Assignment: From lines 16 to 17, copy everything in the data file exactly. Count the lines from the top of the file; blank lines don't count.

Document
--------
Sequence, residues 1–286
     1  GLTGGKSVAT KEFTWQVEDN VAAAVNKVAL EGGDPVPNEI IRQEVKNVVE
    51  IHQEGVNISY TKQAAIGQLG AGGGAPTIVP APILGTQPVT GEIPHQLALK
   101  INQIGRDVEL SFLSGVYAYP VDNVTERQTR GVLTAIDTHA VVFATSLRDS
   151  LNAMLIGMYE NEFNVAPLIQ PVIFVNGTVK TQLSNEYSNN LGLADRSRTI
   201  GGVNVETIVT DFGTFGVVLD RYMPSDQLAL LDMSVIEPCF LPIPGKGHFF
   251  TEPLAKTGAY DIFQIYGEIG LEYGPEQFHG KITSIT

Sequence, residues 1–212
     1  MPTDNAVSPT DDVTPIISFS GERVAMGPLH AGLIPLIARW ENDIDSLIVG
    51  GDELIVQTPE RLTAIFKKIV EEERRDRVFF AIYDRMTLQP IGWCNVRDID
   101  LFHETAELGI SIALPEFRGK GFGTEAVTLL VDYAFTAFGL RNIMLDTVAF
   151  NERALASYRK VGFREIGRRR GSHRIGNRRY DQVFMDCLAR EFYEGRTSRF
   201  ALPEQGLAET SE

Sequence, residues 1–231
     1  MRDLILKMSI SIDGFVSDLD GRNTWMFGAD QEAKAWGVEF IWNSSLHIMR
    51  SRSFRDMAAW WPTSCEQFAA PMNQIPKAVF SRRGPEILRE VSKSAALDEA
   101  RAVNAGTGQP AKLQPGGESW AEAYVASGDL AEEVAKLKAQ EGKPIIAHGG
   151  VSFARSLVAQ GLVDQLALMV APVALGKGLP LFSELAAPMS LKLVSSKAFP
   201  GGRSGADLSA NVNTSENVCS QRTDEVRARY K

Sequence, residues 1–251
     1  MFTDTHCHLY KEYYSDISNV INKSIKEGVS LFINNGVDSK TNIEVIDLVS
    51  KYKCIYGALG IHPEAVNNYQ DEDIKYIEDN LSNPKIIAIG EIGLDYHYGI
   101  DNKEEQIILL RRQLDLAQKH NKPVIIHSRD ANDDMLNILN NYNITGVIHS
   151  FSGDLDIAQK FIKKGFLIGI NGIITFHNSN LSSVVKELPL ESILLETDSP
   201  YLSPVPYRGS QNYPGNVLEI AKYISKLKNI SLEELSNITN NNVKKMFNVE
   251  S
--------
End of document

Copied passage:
    51  SRSFRDMAAW WPTSCEQFAA PMNQIPKAVF SRRGPEILRE VSKSAALDEA
   101  RAVNAGTGQP AKLQPGGESW AEAYVASGDL AEEVAKLKAQ EGKPIIAHGG